2. The reformulation also can't be used directly for identity testing over $$\mathbb Z$$. The problem here is that the intermediate results during evaluation of $$P$$ can become too big for efficient computation. The original lemma can be applied to this problem by first randomly drawing a sufficiently big prime number $$p$$, and then doing the computation in the field $$\mathbb Z/p \mathbb Z$$. The probability to draw a divisor of $$P$$ is quite small, if $$p$$ was drawn from a sufficiently big collection. One could hope now that the reformulation would allow to randomly draw a sufficiently big $$p^\alpha$$ instead, and then do the computation in the ring $$\mathbb Z/p^\alpha \mathbb Z$$. But the fact that $$|S|\leq p$$ makes this inapplicable for $$d>=p$$. What one can do is apply the original lemma in $$\mathbb Q$$ (or the reformulation in $$\mathbb Z$$), and then draw sufficiently big random numbers $$n_i$$ for each individual evaluation of $$P$$. This seems to require more random bits, and doesn't need the reformulation either.
• For a commutative ring, "subring of a direct product of fields" is equivalent to being reduced (no nonzero nilpotent elements). In a noetherian commutative ring it's also equivalent to "subring of a finite direct product of fields". – YCor Nov 3 '14 at 13:08
• I now see the next problem: $q\prod_{i=0}^{p-1}(x-i)$ in $\mathbb Z/pq\mathbb Z$ is a non-zero polynomial of total degree $p$, but it evaluates to $0$ for any $x\in\mathbb Z/pq\mathbb Z$. So even Emil Jeřábek's nice version of the lemma/conjecture can't be used directly to probabilistically check $(1+x^n)=1+x^n(\operatorname{mod}n)$, which was one of the motivations for this question in the first place. One can try to go to some extension ring to fix this, but the hoped for/suggested simplicity is lost nevertheless. – Thomas Klimpel Nov 4 '14 at 23:02

## 2 Answers

Your conjecture holds for arbitrary commutative rings.

First, your condition implies that a nonzero degree $d$ univariate polynomial $f\in R[x]$ can only have $d$ roots in $S$. One can show this e.g. by induction on $d$: the case $d=0$ is trivial, and if $f(x)$ of degree $d+1$ has distinct roots $a_1,\dots,a_{d+2}\in S$, we can write $f(x)=(x-a_{d+2})g(x)$ for some degree $d$ polynomial $g$. Since $a_i-a_{d+2}$ is cancellative for $i=1,\dots,d+1$, this means $g$ has $d+1$ roots $a_1,\dots,a_{d+1}$, contradicting the induction hypothesis.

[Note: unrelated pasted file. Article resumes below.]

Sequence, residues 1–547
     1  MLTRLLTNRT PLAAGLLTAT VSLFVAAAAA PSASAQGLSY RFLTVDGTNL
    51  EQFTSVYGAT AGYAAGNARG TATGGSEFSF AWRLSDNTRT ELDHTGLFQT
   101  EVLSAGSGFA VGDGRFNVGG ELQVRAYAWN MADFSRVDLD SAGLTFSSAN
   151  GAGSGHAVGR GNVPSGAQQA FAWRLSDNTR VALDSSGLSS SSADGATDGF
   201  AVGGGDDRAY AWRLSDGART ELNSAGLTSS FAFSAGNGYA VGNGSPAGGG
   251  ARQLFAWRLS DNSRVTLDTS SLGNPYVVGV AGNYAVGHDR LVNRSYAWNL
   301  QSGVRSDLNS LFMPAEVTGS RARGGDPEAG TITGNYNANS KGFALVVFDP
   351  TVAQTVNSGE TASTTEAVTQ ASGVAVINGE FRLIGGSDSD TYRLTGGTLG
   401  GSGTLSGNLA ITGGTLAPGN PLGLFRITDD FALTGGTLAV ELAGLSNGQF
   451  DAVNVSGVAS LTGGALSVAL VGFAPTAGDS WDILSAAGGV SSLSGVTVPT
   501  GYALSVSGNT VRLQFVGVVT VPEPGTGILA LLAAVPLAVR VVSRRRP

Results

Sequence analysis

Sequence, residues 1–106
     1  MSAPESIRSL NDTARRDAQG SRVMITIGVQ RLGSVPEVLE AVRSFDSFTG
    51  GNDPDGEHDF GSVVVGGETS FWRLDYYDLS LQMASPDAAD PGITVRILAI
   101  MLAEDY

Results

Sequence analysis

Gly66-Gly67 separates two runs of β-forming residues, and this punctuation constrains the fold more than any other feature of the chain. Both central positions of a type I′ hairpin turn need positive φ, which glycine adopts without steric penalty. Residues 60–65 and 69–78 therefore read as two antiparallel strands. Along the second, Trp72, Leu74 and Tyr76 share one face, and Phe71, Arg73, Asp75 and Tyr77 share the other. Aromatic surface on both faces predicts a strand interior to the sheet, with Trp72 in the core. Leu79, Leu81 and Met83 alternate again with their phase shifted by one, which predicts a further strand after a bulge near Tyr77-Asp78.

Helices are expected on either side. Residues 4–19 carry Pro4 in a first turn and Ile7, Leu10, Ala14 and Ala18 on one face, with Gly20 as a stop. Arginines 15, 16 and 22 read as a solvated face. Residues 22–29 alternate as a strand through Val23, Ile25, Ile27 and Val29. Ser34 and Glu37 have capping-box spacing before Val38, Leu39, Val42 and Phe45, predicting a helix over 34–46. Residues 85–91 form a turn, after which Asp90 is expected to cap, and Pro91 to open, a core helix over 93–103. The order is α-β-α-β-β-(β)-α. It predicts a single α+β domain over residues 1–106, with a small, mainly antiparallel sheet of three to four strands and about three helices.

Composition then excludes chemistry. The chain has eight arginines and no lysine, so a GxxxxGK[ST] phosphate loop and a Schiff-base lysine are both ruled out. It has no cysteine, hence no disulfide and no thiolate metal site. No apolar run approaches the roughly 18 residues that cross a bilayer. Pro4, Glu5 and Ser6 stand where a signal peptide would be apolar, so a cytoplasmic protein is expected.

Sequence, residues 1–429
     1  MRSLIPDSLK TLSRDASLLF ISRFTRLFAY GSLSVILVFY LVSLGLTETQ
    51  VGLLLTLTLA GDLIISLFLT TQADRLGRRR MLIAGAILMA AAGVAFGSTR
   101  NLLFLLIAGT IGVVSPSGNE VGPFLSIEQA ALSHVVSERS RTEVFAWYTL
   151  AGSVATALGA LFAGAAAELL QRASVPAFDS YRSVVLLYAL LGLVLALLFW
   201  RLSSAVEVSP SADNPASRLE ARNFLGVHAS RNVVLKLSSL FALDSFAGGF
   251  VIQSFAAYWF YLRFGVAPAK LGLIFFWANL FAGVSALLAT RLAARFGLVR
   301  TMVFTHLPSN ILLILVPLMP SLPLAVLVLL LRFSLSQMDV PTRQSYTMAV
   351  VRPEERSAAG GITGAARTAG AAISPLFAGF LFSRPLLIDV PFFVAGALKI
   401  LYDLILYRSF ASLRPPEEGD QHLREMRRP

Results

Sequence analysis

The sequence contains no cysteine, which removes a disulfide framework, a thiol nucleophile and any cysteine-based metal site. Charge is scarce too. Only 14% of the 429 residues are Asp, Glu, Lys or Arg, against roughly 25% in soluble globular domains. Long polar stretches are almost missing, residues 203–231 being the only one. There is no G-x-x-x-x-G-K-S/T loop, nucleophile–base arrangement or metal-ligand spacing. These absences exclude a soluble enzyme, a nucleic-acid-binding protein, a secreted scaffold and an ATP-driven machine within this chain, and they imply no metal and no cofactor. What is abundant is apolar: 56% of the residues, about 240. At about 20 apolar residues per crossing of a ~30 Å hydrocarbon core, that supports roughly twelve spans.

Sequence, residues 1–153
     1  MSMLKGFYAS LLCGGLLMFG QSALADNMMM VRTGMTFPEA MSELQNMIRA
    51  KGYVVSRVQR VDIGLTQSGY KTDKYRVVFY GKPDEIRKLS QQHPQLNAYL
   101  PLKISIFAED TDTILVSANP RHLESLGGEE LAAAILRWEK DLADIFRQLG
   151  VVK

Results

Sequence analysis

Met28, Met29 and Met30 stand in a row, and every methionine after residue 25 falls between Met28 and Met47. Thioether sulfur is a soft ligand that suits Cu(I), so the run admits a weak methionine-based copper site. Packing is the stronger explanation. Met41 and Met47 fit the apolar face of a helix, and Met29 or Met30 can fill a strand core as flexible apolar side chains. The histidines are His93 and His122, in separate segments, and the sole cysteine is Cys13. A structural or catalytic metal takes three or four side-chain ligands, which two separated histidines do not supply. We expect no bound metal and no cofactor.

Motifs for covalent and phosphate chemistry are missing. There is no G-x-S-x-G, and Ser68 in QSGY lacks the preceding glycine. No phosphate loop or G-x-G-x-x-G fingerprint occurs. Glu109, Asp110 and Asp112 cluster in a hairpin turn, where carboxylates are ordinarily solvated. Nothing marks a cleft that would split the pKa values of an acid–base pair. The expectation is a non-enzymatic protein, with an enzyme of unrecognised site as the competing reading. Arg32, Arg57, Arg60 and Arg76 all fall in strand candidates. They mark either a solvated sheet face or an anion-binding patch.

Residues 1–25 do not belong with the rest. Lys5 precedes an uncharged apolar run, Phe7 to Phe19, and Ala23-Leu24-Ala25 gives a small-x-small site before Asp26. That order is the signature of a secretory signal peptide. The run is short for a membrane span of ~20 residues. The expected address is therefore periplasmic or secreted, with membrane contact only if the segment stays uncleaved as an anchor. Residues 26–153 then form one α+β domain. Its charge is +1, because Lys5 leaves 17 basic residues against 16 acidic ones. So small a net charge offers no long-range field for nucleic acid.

Then we can prove the conjecture using the standard proof of the Schwarz–Zippel lemma, by induction on $n$.

The case $n=1$ is the property above. Assuming the statement holds for $n$, an $(n+1)$-variate nonzero polynomial can be written as $$f(x_1,\dots,x_{n+1})=\sum_{i\le d'}x_{n+1}^if_i(x_1,\dots,x_n),$$ where $f_{d'}$ is nonzero. We have $$\Pr(f_{d'}(x_1,\dots,x_n)=0)\le\frac{\deg(f_{d'})}{|S|}$$ by the induction hypothesis, and if $f_{d'}(a_1,\dots,a_n)\ne 0$, then $$\Pr(f(a_1,\dots,a_n,x_{n+1})=0)\le\frac{d'}{|S|}$$ by the univariate case, hence $$\Pr(f(x_1,\dots,x_{n+1})=0)\le\frac{d'+\deg(f_{d'})}{|S|}\le\frac d{|S|}.$$

• Maybe I should also stress that the conditions on $S$ are necessary even in the simplest possible case: if $ua=ub$ for distinct $a,b\in S$ and $u\ne0$, the degree $1$ univariate polynomial $u(x-a)$ has at least two zeros in $S$. – Emil Jeřábek Nov 3 '14 at 19:21

See Section 4 in "On Zeros of a Polynomial in a Finite Grid" to see how Schwartz-Zippel lemma and many similar results on zeros of polynomials work for arbitrary commutative rings as long as the "grid" $S_1 \times S_2 \times \dots \times S_n \subseteq R^n$ satisfies a certain Condition (D) which is the same as the condition given in your conjecture applied to each $S_i$.